My New Laptop Is Taking Over

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avatar of @gadrian
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4 months ago - 3 minutes read

My new Lenovo ThinkBook arrived yesterday and I finally moved most of my Hive-related activity on it.

That's the first photo I took of it, after unwrapping the package. :)

20230125_160223.jpg For whatever reason, this image doesn't render well in Leofinance (at least not for me). But there's nothing wrong with the image... You can see it on another interface.

Compared to my old laptop it's flying, so I'm definitely happy about that. :)

Since most of my Hive activity is in a browser, it wasn't a complicated transition, even if on Linux Mint - the OS I decided to install on the new laptop - the default browser is Firefox and not Brave. I decided to stick with Firefox and not install Brave on Linux too. I don't use Brave to earn BAT anyway.

As I said above I decided to install Linux Mint on it. I did that because I wanted to minimize any learning curve during this switch. And for that purpose, I don't think I was wrong. The interface is very similar to the one from Windows, even if the name of the tools may differ. But a quick search usually solves any question you might have.

When the laptop arrived I had my bootable USB ready with Linux Mint on it. All I had to do was plug it in and install it.

The installation process took surprisingly little time, under half an hour but maybe more like 20 minutes or so, including my interaction with the process.

It was surprising because I tried to install a lighter version of Linux Mint (and then Lubuntu) on a very old laptop the day before, and it took hours. Both failed in some way or another, and I gave up trying (for now) since it took time and I didn't really need that laptop. Was going to give it to someone if it worked. But it was too slow anyway.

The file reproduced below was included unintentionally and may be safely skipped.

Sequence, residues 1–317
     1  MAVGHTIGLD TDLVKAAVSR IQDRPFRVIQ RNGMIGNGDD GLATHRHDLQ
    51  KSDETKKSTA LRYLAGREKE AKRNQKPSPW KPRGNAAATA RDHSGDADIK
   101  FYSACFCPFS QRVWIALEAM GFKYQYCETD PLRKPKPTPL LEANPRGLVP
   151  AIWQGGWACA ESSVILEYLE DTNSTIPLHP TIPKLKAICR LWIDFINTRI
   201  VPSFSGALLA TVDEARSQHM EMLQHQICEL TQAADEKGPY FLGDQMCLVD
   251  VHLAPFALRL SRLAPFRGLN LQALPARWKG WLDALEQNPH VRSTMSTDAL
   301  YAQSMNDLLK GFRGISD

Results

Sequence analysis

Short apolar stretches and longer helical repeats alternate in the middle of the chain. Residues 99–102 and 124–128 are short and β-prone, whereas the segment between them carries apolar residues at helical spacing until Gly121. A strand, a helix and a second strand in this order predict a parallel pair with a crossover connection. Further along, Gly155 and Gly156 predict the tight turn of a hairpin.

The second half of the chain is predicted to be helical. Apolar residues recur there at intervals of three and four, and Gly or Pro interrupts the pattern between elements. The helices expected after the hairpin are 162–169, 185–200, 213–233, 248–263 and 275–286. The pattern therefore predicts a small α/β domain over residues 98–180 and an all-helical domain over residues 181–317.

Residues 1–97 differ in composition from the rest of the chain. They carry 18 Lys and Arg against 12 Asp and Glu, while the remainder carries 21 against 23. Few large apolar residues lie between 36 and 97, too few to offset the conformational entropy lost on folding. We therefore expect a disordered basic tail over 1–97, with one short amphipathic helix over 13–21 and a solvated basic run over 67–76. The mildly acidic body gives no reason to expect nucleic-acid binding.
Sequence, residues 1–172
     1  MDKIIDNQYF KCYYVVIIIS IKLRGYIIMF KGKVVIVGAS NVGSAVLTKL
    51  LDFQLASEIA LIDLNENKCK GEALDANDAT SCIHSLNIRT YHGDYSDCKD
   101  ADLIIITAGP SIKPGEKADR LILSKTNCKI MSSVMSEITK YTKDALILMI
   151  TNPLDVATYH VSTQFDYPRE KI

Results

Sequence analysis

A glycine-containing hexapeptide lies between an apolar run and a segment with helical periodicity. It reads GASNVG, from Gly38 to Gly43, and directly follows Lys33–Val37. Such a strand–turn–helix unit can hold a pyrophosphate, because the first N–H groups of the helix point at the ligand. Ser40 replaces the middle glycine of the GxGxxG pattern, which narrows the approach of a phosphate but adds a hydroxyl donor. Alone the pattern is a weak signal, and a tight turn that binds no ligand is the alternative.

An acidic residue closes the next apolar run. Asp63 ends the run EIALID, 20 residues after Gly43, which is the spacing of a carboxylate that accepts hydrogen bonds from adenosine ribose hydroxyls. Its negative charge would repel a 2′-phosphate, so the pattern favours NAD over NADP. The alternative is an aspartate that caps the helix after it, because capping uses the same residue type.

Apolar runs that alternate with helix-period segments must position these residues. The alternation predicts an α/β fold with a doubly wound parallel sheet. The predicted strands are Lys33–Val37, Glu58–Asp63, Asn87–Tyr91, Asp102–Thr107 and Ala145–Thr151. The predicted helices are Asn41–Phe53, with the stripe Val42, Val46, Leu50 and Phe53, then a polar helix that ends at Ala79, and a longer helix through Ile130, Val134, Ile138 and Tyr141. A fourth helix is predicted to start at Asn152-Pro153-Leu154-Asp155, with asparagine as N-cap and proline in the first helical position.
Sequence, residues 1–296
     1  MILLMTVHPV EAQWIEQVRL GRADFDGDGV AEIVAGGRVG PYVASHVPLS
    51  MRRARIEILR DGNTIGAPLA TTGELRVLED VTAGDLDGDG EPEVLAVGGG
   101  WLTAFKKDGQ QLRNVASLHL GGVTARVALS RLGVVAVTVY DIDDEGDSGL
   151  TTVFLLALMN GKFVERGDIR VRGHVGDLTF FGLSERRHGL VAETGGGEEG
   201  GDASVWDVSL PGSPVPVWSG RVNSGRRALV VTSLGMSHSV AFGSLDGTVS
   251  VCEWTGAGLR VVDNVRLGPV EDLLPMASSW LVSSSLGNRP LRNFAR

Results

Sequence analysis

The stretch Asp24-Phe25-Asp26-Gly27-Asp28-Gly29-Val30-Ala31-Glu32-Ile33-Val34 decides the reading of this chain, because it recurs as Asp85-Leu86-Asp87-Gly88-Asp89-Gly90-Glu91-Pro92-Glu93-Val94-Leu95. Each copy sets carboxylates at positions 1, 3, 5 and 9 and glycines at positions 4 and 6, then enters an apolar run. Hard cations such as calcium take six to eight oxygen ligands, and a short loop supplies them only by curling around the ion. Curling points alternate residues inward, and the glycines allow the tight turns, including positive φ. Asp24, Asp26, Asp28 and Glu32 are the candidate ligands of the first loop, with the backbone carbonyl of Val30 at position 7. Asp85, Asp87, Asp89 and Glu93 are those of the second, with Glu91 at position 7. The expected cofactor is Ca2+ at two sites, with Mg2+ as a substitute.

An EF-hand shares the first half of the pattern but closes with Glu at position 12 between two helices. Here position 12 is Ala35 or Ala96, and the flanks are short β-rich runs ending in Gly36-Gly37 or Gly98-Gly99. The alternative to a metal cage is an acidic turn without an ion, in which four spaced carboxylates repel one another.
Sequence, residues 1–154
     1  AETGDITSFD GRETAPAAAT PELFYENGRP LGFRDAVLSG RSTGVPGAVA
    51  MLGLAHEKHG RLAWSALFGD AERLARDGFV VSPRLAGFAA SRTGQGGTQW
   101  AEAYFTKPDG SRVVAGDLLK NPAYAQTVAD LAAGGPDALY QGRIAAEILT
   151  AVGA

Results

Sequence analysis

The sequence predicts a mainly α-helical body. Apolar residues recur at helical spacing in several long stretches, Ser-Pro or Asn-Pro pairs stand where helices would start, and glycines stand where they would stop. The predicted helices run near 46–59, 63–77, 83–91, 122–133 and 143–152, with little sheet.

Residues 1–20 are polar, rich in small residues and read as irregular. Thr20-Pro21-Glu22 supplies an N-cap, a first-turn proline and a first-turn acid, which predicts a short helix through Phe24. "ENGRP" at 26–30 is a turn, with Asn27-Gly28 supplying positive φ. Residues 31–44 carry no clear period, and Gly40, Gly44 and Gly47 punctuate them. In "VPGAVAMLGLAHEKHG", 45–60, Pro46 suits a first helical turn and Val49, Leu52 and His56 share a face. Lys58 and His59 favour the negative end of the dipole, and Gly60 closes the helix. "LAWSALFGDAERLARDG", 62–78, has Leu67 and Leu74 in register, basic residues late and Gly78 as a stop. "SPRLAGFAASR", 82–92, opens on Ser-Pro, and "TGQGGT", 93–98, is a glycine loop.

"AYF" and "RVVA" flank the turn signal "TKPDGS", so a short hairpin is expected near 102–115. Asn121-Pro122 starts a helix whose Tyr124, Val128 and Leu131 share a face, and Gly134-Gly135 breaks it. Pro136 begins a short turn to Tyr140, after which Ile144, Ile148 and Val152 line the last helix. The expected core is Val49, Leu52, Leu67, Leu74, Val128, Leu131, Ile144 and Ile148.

On my new laptop, as is often the case, installing the OS is not the most time-consuming task.

The following part is. Changing settings to your liking, installing more apps and extensions you need. Also more research.

I knew from previous short experience with Linux (Ubuntu), that you don't really need an antivirus on Linux if you use it for regular activities (not a server of any kind). For now, I don't have one installed, but I might change my mind. Don't have many reasons to, though.

Something I didn't do and should have, and probably will do (even if that means more work), is to create another user with fewer privileges from where to do the browsing. I'll have to read more about it.

I still need to get used to working with two laptops at the same time. And to see how to better split the workload between them.

For now, things like Rising Star and Splinterforge, the game I talked about yesterday, are definitely on the old laptop. But so can be something like the bitcoin's and HIVE's charts in real-time. At least for HIVE, it can be a useful way to catch pumps, if I'm awake and paying attention.

I'm not a big threader, but another idea would be to have #threads open on the other laptop and keep an eye on it. But it would help if we could apply some filters to the threads.

I'm keeping some activities in parallel, to see if that would help.

I haven't written this type of post often in the past. But they reflect a big part of my activity these days and this journey (accompanied by the comments and discussions) may actually be useful to someone else who might want to try a similar route in the future.

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